THINGS SLIP THROUGH THE CRACKS AND ARE FORGOTTEN. Pennies, for instance. A trauma occurs, support systems fail, and the people left behind are broken and lost. A high-maintenance pet becomes too much to bear and is abandoned.
Unkempt and uncollared, stray dogs are a common sight in East Nashville. But they are far less frequent than they once were, thanks to the dedicated volunteers of East CAN. And importantly, East CAN understands that dogs aren’t the only species that might need a helping hand.
I’m sitting outside Portland Brew with some of the group’s core leadership. We’re out on the sidewalk because I’ve brought my dog along. Rosie Pants goes everywhere with me, but this time it actually seems appropriate. Sharon Green, a founding member of East CAN, welcomes my puppy into her lap and tells me, “I’ve been rescuing dogs by myself for years and owned rescues and have always had the heart for animals.” But I’m surprised when she clarifies the goals of East CAN: “At its core, our mission is to facilitate neighbors helping neighbors. So we’re not a rescue. We’re more like a resource.”
Sharon is the current president of East CAN, but she explains that it’s only a paper title; everyone ends up doing whatever is necessary each day. They don’t have an official leader, but after years of existing under the fiscal umbrella of Rediscover East, the group recently achieved 501(c)(3) nonprofit status, and they’ve had to adopt a few formal appellations. Callie Jennings, East CAN’s secretary, shares stories from her many years with the organization: heartbreaking stories of caring for puppies in dire need of medical attention; joyful tales of lonesome retirees, revitalized when paired with furry companions; remarkable anecdotes of people living with PTSD, or children on the autism spectrum, finding solace and peace with a dog at their side. The shared thread running through each is the personal connection: human welfare alongside animal welfare. Callie emphasizes, “It’s all about us supporting each other and making sure we’re all taken care of. And if it’s through a dog—alright.”
East CAN began life as postings on the East Nashville LISTSERV, but the ease of mass communication on Facebook led to a shift in operations. The East CAN Facebook group now has more than six thousand followers and a high volume of regular postings. The group page is packed with pictures of dozens of adorable dogs; some are tagged as adopted, but many are still in foster care, waiting for their forever homes. Callie oversees the group, and she believes that the page makes a difference simply by showing people that the Community Action Network is ready to help: “When people feel like they have a support system, it often changes the way they react to a situation. I think that’s a big deal, because that’s what’s so great about East Nashville and that’s why so many people love it—it has that sense of community.”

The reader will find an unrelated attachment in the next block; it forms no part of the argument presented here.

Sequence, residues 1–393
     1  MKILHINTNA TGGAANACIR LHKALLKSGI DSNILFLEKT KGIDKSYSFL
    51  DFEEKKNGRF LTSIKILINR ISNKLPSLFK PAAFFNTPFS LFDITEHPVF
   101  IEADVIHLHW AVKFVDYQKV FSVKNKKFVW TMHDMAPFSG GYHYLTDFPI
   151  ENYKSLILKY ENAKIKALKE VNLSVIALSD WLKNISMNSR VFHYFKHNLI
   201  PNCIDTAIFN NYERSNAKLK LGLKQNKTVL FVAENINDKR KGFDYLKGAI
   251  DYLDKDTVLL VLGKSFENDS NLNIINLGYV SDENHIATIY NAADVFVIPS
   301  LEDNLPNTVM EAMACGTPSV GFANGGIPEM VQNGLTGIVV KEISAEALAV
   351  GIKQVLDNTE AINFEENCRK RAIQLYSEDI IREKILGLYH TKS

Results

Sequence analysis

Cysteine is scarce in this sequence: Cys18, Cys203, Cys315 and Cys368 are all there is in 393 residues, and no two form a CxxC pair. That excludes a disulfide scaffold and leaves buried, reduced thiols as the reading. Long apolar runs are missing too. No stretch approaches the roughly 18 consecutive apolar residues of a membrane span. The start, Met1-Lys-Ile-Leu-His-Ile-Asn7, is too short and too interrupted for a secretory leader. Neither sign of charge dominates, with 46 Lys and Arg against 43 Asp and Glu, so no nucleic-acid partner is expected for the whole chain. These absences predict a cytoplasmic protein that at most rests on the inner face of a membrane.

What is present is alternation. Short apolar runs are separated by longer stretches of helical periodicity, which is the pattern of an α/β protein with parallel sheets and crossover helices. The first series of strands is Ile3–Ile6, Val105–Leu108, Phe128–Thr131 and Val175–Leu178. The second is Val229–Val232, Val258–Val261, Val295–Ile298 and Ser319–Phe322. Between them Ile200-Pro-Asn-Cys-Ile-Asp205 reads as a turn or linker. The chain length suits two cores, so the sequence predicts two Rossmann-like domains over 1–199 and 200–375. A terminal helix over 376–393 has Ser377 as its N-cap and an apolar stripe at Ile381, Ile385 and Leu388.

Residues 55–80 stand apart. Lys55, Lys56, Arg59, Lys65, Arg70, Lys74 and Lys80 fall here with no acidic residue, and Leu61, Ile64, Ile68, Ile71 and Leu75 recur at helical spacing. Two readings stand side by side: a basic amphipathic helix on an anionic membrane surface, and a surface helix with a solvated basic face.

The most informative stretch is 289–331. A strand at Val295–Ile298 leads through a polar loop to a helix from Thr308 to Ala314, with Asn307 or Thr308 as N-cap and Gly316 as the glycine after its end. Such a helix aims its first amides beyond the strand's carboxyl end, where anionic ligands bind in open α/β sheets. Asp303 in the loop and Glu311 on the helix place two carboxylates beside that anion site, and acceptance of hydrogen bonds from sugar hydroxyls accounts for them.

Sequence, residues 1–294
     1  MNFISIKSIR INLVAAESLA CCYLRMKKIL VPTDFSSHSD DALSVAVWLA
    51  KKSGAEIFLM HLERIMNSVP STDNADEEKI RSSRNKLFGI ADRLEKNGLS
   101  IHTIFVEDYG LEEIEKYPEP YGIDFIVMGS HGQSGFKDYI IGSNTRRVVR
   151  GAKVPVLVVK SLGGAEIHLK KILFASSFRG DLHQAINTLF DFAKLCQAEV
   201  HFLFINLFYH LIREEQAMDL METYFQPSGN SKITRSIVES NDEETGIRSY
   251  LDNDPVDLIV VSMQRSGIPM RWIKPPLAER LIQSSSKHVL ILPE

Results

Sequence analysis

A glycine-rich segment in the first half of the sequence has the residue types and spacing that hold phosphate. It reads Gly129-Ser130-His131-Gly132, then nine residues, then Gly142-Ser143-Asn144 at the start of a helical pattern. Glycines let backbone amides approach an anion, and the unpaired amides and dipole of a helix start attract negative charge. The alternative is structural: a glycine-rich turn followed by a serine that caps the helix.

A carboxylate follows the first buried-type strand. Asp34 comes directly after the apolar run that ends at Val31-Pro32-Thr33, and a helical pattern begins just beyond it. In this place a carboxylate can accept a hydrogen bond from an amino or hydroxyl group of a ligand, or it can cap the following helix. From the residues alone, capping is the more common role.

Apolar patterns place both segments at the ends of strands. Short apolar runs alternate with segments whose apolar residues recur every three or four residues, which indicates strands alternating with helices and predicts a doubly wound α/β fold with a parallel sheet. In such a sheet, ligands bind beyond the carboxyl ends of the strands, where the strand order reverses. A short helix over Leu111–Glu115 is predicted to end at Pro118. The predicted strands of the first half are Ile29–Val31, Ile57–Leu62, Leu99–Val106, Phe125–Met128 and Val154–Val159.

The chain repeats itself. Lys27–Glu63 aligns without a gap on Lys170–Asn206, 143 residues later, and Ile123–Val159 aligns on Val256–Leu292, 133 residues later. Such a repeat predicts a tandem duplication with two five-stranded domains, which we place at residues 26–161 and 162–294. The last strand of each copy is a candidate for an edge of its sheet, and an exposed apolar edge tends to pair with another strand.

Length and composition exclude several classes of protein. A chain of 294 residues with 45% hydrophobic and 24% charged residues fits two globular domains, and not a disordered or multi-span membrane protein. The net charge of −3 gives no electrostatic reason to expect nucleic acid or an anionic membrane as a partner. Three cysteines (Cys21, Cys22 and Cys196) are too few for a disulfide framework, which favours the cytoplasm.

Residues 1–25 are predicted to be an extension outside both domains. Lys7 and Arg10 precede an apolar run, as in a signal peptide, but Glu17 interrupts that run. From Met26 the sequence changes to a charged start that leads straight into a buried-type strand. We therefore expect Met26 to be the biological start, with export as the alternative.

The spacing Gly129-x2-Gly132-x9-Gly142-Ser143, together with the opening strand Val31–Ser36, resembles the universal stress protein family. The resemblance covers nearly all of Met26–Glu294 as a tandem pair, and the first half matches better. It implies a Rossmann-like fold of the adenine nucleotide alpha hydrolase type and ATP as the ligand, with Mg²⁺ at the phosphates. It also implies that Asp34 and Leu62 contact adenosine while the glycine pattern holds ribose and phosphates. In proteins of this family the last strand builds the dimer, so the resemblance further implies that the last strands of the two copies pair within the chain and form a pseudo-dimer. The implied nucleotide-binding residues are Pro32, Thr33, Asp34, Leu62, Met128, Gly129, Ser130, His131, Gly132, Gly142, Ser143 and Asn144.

East CAN’s network of foster caregivers is a critical part of the organization, as their website points out: “Our foster families (including furry siblings) are our greatest tool since they have the capacity to nourish, love, and train homeless and abandoned dogs into wonderful companions.” After my initial meeting with East CAN, I witness this capacity later in the week when I meet a handful of East CAN volunteers at Cornelia Fort Airpark. Sharon and Callie are joined by Megan Southern, a volunteer foster provider, and Elizabeth Chauncey, a cofounder of East CAN.
The four women have brought four dogs: Esther and Vega, two full-grown, medium-large dogs; and Annie Oakley and Mae West, two tiny, aww-inducing puppies recently found behind Cross Point Church. Annie and Mae have been with Megan and Esther for a week. Megan tells me when she first met Annie and Mae, they were terrified, very fearful of people, and biting defensively. Today the puppies are shy but well-behaved and certainly not terrified. Megan credits her dog, Esther, for much of the change. Callie, an experienced foster care provider, explains that part of the puppies’ resocialization involves “trust by association.” After playing together and sharing meals with Esther, the puppies trust the older dog. And since Esther trusts her owner, Megan, the puppies slowly come to trust Megan as well.
I’ll admit that I’ve long thought the C in East CAN stood for canine. When I ask the East CAN volunteers why they’re called to this work, I get variations on the same answer. Yes, they love dogs, but they love people too, and they don’t want to see either species suffer. It’s far more appropriate that the C stands for community. I like Callie’s explanation: “In the end, it’s not about the dogs. Just by helping the dogs, you create a better neighborhood. You create a better community.” It gives me great comfort to know that, should I ever fall through the cracks, East CAN is there to lend a hand. Or a paw.